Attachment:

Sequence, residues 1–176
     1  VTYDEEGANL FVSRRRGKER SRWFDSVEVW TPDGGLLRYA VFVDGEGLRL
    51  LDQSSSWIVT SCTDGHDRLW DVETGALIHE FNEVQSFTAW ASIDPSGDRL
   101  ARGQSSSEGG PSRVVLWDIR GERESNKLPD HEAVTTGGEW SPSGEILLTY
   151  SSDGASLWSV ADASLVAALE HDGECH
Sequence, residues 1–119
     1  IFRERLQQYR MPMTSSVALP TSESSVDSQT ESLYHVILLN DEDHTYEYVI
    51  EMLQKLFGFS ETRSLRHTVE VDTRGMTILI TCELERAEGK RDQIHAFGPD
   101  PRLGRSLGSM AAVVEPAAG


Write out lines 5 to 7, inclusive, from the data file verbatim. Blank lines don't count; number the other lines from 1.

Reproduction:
   151  SSDGASLWSV ADASLVAALE HDGECH
Sequence, residues 1–119
     1  IFRERLQQYR MPMTSSVALP TSESSVDSQT ESLYHVILLN DEDHTYEYVI